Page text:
Security is a major consideration for most small business, and liability for fraudulent activity could come back to bite you if you do not meet the strict standards of the Payment Card Industry. However, with the right security processes in place, taking payments over the phone is extremely safe for both you and your customers.

Standard security measures

Almost all virtual terminals will request the same standard security measures when taking payments. As well as the long card number and expiry date, you will be prompted for the CVV or card security code. One level of the approval of your transaction requires the inputted CVV code to match the CVV code on your card issuer’s file for you.

A secondary level of approval may come in the form of AVS or address verification system. This anti-fraud program matches the numerical portion of your billing address (including postcode) against the address your card issuer has on file for you.

PCI Compliance

PCI compliance is the single most important thing that your small business can do to maximise the security of all of your card transactions. PCI DSS stands for Payment Card Industry Data Security Standard, a worldwide standard that was established to help businesses process card payments securely and reduce fraud.

The way that PCI compliance works is that it sets certain requirements for the storage, transmission and processing of cardholder data. This includes a variety of steps that involve the people, policies and technologies that your business uses to process payment.

As you can imagine it is impossible to fit all of the rules and regulations onto this article, but to find out more about what PCI compliancy entails, check out The UK Cards Association website. The most important for a small business taking phone payment is to make sure that the payment provider is PCI DSS certified.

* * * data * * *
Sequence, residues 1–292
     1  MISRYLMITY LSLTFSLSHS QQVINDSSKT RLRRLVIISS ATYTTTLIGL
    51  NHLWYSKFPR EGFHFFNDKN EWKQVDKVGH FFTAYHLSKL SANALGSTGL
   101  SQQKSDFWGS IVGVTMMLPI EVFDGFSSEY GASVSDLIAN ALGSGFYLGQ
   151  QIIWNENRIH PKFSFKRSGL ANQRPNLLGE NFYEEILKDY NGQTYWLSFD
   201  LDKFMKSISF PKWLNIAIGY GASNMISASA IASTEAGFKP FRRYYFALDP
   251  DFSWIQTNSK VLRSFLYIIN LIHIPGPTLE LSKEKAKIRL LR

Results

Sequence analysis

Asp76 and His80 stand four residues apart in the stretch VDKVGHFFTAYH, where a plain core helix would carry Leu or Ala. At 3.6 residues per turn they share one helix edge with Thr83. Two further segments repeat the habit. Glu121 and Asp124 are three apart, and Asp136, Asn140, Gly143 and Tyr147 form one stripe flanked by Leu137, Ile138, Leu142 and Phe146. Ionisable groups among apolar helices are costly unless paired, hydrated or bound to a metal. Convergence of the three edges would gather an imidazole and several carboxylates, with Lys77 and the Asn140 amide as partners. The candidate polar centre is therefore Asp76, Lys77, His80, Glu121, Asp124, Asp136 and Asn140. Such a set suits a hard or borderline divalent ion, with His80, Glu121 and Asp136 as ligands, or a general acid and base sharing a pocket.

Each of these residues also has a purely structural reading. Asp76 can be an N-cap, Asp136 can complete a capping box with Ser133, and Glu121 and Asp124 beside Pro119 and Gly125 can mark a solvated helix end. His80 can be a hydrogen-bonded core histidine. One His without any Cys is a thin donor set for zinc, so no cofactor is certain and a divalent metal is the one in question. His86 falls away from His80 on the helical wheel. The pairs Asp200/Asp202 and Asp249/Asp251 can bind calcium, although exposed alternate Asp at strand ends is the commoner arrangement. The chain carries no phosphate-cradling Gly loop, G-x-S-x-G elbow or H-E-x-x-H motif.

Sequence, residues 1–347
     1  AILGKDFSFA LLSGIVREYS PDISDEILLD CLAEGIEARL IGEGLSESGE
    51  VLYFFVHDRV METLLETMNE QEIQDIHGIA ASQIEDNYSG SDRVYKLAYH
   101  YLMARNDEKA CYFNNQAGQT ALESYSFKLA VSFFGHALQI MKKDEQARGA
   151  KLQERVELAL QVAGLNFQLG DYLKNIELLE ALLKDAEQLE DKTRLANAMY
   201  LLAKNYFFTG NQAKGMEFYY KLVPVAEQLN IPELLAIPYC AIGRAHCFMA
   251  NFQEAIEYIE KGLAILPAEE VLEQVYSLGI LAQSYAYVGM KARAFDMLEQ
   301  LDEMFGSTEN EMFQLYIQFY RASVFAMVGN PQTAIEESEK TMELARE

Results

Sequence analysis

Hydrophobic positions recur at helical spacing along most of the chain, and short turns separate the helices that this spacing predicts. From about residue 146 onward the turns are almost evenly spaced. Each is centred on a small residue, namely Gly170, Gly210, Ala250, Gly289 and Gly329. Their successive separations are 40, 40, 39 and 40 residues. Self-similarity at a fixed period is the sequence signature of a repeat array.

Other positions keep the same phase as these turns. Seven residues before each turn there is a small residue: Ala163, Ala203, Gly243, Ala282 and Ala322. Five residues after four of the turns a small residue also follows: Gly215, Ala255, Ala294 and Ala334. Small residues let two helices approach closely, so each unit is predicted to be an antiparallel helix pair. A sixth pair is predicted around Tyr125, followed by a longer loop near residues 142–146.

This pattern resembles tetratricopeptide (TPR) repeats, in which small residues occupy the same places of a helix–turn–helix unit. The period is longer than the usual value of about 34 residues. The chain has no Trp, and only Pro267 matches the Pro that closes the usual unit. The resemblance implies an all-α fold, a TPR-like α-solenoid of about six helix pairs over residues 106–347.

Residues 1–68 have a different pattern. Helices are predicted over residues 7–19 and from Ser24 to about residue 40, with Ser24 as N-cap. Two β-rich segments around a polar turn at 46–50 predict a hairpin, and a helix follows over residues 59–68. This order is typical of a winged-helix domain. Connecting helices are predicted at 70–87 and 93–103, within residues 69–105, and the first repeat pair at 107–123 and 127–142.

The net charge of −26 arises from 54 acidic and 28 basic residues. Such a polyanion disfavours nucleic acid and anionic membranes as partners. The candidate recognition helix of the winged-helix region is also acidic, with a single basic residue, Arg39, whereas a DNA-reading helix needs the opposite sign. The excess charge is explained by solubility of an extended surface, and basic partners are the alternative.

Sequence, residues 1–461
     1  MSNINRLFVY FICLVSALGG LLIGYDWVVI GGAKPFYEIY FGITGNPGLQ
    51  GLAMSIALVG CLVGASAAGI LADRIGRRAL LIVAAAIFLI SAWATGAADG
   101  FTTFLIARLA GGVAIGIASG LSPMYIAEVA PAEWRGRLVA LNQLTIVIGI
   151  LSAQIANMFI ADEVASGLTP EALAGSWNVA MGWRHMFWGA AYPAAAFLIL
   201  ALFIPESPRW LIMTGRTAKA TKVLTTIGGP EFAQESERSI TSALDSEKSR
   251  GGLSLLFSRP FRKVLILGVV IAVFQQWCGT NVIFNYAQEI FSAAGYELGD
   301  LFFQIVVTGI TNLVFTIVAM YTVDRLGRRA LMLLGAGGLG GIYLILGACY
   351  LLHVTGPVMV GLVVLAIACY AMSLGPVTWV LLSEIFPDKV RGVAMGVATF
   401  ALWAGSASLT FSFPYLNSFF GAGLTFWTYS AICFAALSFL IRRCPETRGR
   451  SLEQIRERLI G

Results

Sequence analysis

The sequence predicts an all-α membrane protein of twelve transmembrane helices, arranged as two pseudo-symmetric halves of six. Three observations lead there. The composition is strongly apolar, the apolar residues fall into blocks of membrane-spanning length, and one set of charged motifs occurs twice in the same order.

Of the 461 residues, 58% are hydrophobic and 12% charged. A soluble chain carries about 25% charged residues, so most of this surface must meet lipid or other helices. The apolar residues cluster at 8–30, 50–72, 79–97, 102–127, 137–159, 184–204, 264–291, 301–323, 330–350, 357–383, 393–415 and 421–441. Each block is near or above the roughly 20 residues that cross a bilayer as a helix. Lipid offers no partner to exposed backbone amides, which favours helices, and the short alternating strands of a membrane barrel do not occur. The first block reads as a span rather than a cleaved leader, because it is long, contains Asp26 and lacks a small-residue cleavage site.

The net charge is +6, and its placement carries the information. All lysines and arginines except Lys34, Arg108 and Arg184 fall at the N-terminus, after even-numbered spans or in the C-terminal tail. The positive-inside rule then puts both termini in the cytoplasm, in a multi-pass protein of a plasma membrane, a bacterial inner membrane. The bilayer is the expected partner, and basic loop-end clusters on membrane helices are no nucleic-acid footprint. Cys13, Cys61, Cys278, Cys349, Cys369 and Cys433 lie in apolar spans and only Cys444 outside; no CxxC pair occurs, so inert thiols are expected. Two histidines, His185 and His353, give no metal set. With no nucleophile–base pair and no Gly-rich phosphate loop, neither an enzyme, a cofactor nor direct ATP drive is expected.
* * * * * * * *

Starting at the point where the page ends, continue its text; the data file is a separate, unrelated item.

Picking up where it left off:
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Further Guidance

Create a business culture of security

Unfortunately one of the weakest links in your company could be your staff – you included! Small business owners have a tendency to trust their employees more easily, and assumptions about your people can be very easy to make. However this is when standards can often slip. Annual security awareness training and regular checks can help ensure that your staff know how to be safe and secure when processing transactions.

You should also consider conducting background checks as a pre-condition to employment to ensure that staff who seem perfect on paper don’t have any criminal skeletons lurking in their closets.

Pick your payment provider carefully

While most payment providers have the infrastructure in place to ensure that they are compliant with PCI rules and regulations, some take additional steps to ensure comprehensive fraud protection is provided as standard.

For example, Payleven applies a £1000 limit to any phone transactions. This means that as well as all the usual fraud prevention tools such as AVS and CVV, if a con artist managed to slip through the early security measures, the amount he would be able to spend in one transaction would be limited. Spending caps have only been introduced by a few virtual terminal providers, but they add an additional level of security to your transactions.

Use your common sense

A lot of payment card security really does come down to common sense. Some of our top tips include:

  • Never write down card numbers or security codes, either by hand or in an electronic document.
  • Make sure that your merchant receipts are not printed with your customer’s full card details on them. Normally this will not be a problem as most payment providers will make sure that only the last four digits are displayed.
  • Create separate log-on accounts for each of your staff so that you can identify who processed what transactions.
  • Run regular malware and spyware checks on your computer or mobile device and make sure your antivirus protection is robust and regularly checked.
  • Ensure anything printed with customer or payment details is properly destroyed – ideally cross-shredded.
  • Encourage your staff to be vigilant. If anything seems ‘off’ about a payment, they shouldn’t be afraid to flag it up for concern.

Although it can be daunting making or taking a phone payment there are steps you can take to safeguard your client’s data and give them, and you, peace of mind.